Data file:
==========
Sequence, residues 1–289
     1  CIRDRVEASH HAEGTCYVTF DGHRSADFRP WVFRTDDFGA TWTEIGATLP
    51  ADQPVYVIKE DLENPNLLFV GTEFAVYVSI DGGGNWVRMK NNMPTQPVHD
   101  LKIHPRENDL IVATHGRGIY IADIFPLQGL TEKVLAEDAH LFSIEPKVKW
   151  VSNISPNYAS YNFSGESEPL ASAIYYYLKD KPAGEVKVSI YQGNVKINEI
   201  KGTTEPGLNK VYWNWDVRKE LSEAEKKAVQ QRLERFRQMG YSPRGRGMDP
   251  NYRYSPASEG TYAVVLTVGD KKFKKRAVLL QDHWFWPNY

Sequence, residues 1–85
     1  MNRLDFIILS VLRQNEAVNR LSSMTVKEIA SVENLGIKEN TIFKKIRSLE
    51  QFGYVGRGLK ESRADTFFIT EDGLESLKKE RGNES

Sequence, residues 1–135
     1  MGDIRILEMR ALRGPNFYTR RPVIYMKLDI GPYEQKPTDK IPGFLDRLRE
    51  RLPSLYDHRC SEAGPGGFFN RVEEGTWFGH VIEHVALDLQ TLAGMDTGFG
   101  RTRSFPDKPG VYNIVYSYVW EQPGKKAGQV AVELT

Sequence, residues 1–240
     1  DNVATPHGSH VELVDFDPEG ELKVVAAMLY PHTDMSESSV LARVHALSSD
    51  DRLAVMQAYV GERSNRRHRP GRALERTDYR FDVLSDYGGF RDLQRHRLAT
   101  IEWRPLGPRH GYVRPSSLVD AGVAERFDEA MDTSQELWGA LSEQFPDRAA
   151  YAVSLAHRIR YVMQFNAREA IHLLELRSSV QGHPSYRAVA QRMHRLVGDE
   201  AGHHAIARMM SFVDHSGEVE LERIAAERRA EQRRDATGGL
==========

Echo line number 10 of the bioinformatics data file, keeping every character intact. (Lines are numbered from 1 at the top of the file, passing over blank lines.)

    51  QFGYVGRGLK ESRADTFFIT EDGLESLKKE RGNES